Saturday June 22, 2024

The world in corridors

By Hassan Baig
November 21, 2023
Chinas President Xi Jinping speaks during the opening ceremony of the third Belt and Road Forum for International Cooperation at Beijings Great Hall of the People last month © Pedro PARDO / AFP
China's President Xi Jinping speaks during the opening ceremony of the third Belt and Road Forum for International Cooperation at Beijing's Great Hall of the People last month © Pedro PARDO / AFP

Since the start of the Belt and Road Initiative (BRI) by Chinese President Xi Jinping, world politics has been moving around economic corridors.

The Western world led by the US (G7 countries) outlined a full-fledged plan of a Build Back Better World (B3W) project two years ago to compete with the BRI. But it could not take off yet.

The G20 meeting recently in India also flashed out another economic corridor connecting India, the Middle East and Europe. There is a race to compete China through these corridors parallel to the original concept of economic corridors by Chinese policymakers connecting the world through roads, highways, expressways and rail-road networks. The political ramifications of these economic corridors affecting international relations are countless.

The wonderful concept of economic corridors originated in the BRI paradigm, connecting the world through six mega infrastructure development projects having an overarching design dominating world trade. The six economic corridors under the BRI are the China-Mongolia-Russia Economic Corridor (CMREC), New Eurasian Land Bridge (NELB), China-Central Asia-West Asia Economic Corridor (CCWAEC), China-Indochina Peninsula Economic Corridor (CICPEC), China-Pakistan Economic Corridor (CPEC) and Bangladesh-China-India-Myanmar Economic Corridor (BCIMEC).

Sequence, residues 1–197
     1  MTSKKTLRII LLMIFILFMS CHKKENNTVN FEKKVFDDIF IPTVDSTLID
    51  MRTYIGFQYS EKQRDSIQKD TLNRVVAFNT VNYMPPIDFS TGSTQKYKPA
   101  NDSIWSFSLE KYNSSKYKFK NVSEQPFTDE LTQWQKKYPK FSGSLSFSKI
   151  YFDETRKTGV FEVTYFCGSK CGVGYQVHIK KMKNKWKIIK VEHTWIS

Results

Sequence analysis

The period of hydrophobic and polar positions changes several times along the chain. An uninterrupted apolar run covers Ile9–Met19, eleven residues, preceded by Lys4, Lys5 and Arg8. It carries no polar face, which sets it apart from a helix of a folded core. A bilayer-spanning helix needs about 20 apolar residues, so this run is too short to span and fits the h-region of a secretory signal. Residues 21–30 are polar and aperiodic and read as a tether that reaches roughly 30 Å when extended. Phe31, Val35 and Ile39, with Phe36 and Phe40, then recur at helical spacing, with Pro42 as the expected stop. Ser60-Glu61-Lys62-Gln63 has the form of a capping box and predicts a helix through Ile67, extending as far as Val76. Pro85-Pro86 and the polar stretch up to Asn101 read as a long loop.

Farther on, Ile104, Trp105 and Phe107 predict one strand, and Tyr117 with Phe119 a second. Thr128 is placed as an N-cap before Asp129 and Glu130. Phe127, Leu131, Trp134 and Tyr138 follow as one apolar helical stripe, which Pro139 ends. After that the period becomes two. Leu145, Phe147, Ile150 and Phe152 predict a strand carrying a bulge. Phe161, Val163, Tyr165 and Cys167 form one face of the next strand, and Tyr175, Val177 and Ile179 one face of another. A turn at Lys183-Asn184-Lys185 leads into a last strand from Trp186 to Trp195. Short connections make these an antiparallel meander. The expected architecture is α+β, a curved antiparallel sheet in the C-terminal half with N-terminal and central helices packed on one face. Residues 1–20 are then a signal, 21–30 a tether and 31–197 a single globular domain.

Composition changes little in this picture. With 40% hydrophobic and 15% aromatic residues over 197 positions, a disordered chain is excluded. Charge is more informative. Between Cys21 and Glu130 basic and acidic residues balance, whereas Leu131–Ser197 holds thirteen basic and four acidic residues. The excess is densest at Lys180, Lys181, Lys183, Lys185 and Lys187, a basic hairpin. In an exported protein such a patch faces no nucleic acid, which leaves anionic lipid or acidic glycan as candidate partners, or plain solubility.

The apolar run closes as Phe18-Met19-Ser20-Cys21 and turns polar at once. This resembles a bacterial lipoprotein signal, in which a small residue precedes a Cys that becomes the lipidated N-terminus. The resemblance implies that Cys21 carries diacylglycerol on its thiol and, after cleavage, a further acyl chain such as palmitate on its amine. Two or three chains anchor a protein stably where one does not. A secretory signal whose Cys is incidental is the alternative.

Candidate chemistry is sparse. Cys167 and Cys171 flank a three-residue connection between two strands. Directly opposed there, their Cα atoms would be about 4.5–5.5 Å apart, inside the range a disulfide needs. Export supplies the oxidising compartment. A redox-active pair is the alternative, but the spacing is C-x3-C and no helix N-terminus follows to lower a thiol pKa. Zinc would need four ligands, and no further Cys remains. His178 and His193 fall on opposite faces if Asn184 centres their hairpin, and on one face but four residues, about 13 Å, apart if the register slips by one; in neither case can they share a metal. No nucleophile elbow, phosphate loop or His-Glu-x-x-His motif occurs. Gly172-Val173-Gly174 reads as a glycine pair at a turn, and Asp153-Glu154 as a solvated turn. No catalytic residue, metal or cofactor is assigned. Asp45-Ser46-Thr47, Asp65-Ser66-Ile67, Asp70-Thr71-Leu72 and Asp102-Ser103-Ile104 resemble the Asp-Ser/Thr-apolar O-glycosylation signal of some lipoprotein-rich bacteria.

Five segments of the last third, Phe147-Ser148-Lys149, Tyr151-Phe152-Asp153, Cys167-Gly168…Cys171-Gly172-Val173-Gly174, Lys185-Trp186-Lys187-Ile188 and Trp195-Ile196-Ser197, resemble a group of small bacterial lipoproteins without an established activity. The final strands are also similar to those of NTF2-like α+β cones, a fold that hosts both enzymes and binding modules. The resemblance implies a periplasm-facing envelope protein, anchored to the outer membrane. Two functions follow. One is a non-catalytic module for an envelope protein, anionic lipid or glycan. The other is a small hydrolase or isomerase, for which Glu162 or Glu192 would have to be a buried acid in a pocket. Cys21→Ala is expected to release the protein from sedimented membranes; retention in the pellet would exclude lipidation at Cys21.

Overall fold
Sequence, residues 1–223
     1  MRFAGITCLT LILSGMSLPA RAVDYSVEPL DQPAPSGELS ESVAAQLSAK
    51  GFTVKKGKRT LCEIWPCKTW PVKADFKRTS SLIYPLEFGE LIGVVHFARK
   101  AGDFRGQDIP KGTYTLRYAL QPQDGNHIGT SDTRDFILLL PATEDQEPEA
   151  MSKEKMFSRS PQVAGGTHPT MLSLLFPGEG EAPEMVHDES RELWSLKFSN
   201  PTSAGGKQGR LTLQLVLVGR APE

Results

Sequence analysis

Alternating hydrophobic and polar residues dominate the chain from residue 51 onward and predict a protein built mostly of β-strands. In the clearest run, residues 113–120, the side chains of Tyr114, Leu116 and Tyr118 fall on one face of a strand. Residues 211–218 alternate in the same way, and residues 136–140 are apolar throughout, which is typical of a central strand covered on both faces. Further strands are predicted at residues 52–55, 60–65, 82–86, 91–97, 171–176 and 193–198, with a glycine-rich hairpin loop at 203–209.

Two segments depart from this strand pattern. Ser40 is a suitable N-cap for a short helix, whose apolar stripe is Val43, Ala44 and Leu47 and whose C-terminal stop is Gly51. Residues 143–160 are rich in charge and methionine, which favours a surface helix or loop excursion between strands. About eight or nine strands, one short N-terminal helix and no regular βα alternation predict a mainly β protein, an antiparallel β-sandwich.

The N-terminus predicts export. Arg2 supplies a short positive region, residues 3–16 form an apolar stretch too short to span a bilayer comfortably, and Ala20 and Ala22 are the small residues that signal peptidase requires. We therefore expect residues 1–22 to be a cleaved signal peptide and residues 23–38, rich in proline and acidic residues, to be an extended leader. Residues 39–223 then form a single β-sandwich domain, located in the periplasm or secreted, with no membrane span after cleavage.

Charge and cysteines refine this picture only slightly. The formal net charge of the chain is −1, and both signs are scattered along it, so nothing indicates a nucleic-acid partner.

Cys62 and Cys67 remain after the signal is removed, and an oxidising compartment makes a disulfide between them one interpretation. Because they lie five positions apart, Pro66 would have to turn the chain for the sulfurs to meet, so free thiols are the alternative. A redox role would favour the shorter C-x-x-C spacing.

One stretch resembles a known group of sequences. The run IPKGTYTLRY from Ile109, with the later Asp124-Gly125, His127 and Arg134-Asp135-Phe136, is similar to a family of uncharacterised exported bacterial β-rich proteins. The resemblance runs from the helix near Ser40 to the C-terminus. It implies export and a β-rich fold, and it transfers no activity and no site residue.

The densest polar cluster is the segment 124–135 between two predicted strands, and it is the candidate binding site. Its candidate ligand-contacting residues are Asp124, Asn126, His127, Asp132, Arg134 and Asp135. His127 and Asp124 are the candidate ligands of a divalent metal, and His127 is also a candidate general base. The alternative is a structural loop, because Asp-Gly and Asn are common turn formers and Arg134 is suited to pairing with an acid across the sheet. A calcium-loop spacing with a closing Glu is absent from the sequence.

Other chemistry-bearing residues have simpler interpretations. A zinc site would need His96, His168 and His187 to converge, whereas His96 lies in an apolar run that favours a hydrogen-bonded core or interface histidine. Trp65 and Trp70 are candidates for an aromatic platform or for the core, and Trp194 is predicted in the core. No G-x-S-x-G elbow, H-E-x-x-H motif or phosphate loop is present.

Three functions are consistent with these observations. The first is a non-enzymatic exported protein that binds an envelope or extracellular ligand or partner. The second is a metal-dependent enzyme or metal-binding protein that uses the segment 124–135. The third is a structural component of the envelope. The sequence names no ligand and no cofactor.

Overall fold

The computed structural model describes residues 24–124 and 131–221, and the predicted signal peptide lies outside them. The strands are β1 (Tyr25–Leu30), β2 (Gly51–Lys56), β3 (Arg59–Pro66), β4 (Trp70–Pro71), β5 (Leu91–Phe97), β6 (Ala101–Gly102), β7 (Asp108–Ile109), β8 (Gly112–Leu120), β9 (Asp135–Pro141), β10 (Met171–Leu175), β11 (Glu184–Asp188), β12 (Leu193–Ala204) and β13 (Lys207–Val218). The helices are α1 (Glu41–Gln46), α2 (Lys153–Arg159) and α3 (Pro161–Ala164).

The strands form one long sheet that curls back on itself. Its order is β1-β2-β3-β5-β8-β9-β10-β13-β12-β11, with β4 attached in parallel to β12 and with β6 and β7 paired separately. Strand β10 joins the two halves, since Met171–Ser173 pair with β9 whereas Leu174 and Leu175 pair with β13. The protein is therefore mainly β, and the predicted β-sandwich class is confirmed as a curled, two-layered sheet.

These economic corridors can be termed as a new ‘Great Economic Wall’ of China, as they envisage a whole new concept of connecting the world through physical infrastructure networks for the larger interest of promoting trade and commerce.

The Western world could not digest such a grand design orchestrated by Chinese policymakers, so they have come out in the open to challenge Chinese influence in the fields of trade and commerce. Before going through the challenges to the BRI as part of world politics, let’s just visit the six economic corridors of the Great Economic Wall of China.

The China-Mongolia-Russia Economic Corridor was proposed by Chinese President Xi Jinping during the first trilateral meeting in Tajikistan in 2014 to expand development opportunities for all the three countries as part of regional integration enhancing collective competitiveness in the international market. This brought China and Russia closer than ever.

The New Eurasian Land Bridge, which was opened in the early 1990s and gained strength from the BRI, is greatly facilitating trade between Asia and Europe. It is an international carriageway linking the Pacific and Atlantic through a 10,800 km-long rail link passing through Kazakhstan, Russia, Belarus, Poland and Germany.

The China-Central Asia-Western Asia Economic Corridor links China and Western Asian Arabian Peninsula through Central Asia, facilitating economic and trade cooperation and bringing Iran, Saudi Arabia and Turkey closer to each other, benefitting all regional countries.

The China-Indochina Peninsula Economic Corridor is an important link connecting China, Singapore through Vietnam, Laos, Cambodia, Thailand, Myanmar and Malaysia, strengthening the China-ASEAN countries’ shared future.